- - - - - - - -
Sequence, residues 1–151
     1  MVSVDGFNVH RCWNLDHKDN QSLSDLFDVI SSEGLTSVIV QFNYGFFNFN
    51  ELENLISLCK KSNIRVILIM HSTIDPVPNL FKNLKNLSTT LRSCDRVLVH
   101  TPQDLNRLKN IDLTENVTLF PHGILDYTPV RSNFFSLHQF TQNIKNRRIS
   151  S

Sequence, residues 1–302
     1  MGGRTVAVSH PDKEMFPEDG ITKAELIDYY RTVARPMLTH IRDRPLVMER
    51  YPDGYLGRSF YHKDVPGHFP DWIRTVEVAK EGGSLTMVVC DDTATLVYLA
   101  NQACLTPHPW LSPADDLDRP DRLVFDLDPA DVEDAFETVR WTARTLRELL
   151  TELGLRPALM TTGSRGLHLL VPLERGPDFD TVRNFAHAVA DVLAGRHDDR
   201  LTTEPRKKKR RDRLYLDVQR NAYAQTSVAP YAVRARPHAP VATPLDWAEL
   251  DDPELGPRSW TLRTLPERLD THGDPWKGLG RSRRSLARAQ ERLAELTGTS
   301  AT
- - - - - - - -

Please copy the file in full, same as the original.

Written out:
Sequence, residues 1–151
     1  MVSVDGFNVH RCWNLDHKDN QSLSDLFDVI SSEGLTSVIV QFNYGFFNFN
    51  ELENLISLCK KSNIRVILIM HSTIDPVPNL FKNLKNLSTT LRSCDRVLVH
   101  TPQDLNRLKN IDLTENVTLF PHGILDYTPV RSNFFSLHQF TQNIKNRRIS
   151  S

Sequence, residues 1–302
     1  MGGRTVAVSH PDKEMFPEDG ITKAELIDYY RTVARPMLTH IRDRPLVMER
    51  YPDGYLGRSF YHKDVPGHFP DWIRTVEVAK EGGSLTMVVC DDTATLVYLA
   101  NQACLTPHPW LSPADDLDRP DRLVFDLDPA DVEDAFETVR WTARTLRELL
   151  TELGLRPALM TTGSRGLHLL VPLERGPDFD TVRNFAHAVA DVLAGRHDDR
   201  LTTEPRKKKR RDRLYLDVQR NAYAQTSVAP YAVRARPHAP VATPLDWAEL
   251  DDPELGPRSW TLRTLPERLD THGDPWKGLG RSRRSLARAQ ERLAELTGTS
   301  AT